(North Riverfront Redevelopment Plan, October 2015, renderings created by Forum Studio)

    Image 3: Underline Park and Creative District, Forum Studio, pg. 80-81

    Image 4: Innovation Park, Forum Studio, pg. 128-129

    Image 5: Energy Plaza, Forum Studio, pg. 98-99

  • LUMIRE DISTRICT

    LACLEDES LANDING DISTRICT

    INNOVATION DISTRICTS

    CREATIVE DISTRICT

    76

    PREMISE_8

    POTENTIAL SHORTFALLS OF THE PLAN

    Heavy reliance on injection of new program / population at a large scale

    While the master plan implements storm water management initiatives and reclaims portions of the floodplain, the still plan includes extensive building within the floodplain.

    The master plan re-imagines the riverfront as a replacement to the existing industrial riverfront at this location rather than working with it.

    Favors tourist-oriented development rather than resident-oriented amenities. This is evident when looking at the location of the bulk of the new plan and its adjacency to the Arch grounds and mainly corporate downtown and separation from residential neighborhoods

    Image 6: Master Plan, Forum Studio, pg. 76

  • PREMISE_9

    The North Riverfront presents a whole host of options and opportunities to better connect our City with one of the worlds greatest rivers. We want residents to imagine exactly what a revitalized riverfront looks like. We welcome their ideas and input as we work to extend the energy of the Arch grounds transformation further north.

    - St. Louis Mayor Francis Slay, in response to the Riverfront Redevelopment Plan

  • PREMISE_10

    THE RESIDENTS HAVE ALREADY IMAGINGED IT . . .

    Image 9: Flood Wall Art on the Riverfront Trail, Great Rivers Greenway

    Image 7: Cotton Belt Mural (photo by author)

    Image 8 Bob Cassillys Riverfront Plaza,Paul Sableman, Exploring St. Louis

  • PREMISE_11

  • PREMISE_12

    Do we want to cling to the idea that you need three sports teams and a slew of corporate boxes to be a world-class city? Or do we cling to the wonderful, the old and the weird? Do we shore up the marvelously strange pockets that make this place so enchanting?

    - Sarah Fenske, Editor in Chief, Riverfront Times

    PRESENT-DAY RIVERFRONT

  • PREMISE_13

    In observing waterfront projects in detail, it is clear that one of the essential elements is the co-presence of numerous activities which, combined in different percentages depending on the cases, gives life to new pieces of city, sometimes marked by an interesting feature entailing complexity. Complexity is a quality that distinguishes the more complete, articulated urban organisms. It is often the outcome of long processes involving successive historic phases and projects implemented in these phases; from this viewpoint, the complexity of the city is a product of intelligent and continuous work of construction, often over many centuries.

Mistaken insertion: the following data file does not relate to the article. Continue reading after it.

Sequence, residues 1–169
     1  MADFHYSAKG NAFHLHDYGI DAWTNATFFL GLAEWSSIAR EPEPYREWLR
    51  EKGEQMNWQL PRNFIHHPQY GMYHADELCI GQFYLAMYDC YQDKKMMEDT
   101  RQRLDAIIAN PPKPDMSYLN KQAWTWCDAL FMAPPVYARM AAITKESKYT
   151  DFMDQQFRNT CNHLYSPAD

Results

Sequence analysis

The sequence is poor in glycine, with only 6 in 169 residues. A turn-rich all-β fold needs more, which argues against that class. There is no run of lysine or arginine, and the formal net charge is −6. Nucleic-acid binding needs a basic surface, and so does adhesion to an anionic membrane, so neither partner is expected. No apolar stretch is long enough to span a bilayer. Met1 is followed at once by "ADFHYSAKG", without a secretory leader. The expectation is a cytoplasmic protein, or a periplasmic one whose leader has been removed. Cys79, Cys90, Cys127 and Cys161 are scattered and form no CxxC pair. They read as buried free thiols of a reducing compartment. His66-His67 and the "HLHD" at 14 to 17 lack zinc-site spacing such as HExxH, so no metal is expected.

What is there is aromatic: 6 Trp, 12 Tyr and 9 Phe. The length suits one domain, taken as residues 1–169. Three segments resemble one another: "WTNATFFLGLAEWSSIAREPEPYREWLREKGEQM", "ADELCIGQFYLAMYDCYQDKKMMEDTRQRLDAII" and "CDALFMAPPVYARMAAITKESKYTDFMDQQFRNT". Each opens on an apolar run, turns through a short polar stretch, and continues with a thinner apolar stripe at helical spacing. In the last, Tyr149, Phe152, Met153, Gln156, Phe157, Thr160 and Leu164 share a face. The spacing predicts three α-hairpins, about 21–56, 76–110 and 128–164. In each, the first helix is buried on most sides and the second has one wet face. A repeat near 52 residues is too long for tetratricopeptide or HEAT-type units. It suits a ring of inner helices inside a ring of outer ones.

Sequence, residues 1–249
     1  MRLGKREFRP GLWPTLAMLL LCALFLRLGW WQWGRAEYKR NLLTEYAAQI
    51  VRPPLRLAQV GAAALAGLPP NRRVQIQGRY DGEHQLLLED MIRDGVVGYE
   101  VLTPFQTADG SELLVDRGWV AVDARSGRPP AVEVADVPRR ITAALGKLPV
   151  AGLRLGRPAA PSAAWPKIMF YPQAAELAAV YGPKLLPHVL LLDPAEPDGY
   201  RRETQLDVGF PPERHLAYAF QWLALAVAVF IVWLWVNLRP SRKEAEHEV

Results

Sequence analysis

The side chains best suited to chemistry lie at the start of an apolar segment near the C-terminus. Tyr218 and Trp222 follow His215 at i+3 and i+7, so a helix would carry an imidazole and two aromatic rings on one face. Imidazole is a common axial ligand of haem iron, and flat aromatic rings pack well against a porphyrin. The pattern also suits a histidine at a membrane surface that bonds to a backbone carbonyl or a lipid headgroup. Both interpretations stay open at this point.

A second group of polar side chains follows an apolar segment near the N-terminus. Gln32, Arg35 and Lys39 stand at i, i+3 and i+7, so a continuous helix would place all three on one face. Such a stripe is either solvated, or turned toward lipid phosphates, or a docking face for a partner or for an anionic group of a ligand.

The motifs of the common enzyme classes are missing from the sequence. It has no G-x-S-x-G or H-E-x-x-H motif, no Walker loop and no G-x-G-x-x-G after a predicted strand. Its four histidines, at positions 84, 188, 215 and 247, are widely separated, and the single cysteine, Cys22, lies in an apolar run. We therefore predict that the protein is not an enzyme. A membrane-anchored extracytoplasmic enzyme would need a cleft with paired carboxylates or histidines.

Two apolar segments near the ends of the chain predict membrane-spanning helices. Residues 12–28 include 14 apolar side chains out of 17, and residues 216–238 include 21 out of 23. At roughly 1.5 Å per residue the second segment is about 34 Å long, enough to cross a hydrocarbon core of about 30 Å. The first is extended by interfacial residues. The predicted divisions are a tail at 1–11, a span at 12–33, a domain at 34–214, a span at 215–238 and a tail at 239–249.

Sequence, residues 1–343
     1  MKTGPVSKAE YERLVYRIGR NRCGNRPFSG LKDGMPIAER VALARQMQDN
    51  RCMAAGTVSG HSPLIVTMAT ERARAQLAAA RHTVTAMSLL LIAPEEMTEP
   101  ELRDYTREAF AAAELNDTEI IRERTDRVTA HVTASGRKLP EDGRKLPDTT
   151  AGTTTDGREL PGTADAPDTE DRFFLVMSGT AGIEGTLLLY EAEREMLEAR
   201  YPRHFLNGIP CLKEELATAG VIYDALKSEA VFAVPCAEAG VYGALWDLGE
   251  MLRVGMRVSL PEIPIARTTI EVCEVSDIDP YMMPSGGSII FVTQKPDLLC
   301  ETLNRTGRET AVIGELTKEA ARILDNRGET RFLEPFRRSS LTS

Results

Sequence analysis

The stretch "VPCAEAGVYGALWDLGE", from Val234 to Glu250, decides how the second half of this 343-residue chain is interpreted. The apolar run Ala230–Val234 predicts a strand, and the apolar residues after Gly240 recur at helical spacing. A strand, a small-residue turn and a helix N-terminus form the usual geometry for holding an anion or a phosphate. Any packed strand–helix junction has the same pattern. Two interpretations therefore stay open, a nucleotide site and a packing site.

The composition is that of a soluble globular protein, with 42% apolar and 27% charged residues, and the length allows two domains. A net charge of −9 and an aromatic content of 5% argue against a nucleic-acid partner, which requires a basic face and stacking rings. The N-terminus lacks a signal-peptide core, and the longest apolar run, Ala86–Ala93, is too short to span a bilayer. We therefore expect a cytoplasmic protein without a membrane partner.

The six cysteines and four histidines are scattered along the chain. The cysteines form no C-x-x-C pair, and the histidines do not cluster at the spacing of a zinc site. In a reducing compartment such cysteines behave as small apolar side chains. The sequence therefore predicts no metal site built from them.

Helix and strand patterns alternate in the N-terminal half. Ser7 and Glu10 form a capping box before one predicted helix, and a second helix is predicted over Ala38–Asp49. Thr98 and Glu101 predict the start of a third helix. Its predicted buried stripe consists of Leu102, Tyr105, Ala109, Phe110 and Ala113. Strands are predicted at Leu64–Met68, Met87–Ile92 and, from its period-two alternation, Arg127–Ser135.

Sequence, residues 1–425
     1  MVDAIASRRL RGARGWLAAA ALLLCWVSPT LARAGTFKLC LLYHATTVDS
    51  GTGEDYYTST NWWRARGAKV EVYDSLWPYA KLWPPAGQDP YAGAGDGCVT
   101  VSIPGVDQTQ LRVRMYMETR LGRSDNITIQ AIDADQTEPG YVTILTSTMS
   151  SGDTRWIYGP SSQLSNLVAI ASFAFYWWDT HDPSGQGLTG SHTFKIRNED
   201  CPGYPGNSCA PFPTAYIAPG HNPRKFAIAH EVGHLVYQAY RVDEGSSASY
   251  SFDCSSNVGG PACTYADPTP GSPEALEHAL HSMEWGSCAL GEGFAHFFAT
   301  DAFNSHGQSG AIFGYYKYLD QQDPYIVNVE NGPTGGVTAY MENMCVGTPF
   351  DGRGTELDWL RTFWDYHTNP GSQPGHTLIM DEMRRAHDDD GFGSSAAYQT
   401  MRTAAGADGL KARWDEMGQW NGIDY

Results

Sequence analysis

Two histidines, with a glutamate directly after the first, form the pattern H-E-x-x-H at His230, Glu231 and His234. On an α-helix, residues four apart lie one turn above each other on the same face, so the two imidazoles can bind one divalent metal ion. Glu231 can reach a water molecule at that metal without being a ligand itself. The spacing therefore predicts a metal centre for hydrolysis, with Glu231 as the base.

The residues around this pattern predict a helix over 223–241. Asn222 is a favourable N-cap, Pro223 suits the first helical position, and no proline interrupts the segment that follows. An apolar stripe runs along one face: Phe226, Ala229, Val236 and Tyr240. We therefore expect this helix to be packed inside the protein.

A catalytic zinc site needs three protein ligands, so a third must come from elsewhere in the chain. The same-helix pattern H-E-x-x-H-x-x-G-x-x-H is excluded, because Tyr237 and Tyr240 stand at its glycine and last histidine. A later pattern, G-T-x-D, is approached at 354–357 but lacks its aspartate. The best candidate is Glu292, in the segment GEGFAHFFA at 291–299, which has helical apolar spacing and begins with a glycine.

- Rinio Bruttomesso, Complexity on the Urban Waterfront

  • PREMISE_14

    Flood Stage

    Normal River Level

    10

    Cul

    tura

    l Ide

    ntity

    Inhabitable Space

    Proximity to River

    Pre-Colonial

    1867

    1896

    1954

    Present Day

    The flood wall/levee system in the U.S. Army Corps of Engineers (USACE) St. Louis District is part of a larger Upper Mississippi district. USACE has overseen flood protection measures in this district since 1867 when a major levee project was undertaken. In the St. Louis district, many levees were replaced with a flood wall network in 1954. The walls measure 10ft in height and are designed to protect against a 100-year flood.

    (USACE Report: Protecting Society from Flood Damage, A Case Study from the 1993 Upper Mississippi River Flood)

    Today, the flood wall has developed a dual function in St. Louis, serving as an armature for an urban pedestrian trail network, and a canvas for local artists. While the flood wall still presents a barrier to access of the river, it has begun to become an inhabitable space and a display of cultural identity fo the citys residents.

  • PREMISE_15

    Cul

    tura

    l Ide

    ntity

    Inhabitable Space

    Proximity to River

    Inhabitable Space

    Inhabitable Space

    Proximity to River

    Cultural Identity

    Proximity to River

    Proximity to River

    Cultural Identity

    Inhabitable Space

    Inhabitable Space

    Cultural Identity

  • PREMISE_16

    Cul

    tura

    l Ide

    ntity

    Proximity to River

    Inha

    bita

    ble

    Spa

    ce

    Proximity to River

    Proximity to River

    Inhabitable Space

    Cultural Identity

    Inhabitable Space

    Proximity to River

    Proximity to River

    Inhabitable Space

    Cultural Identity

    Inhabitable Space

    Proximity to River

    Cultural Identity

  • SITE_17

  • SITE_18

    SITE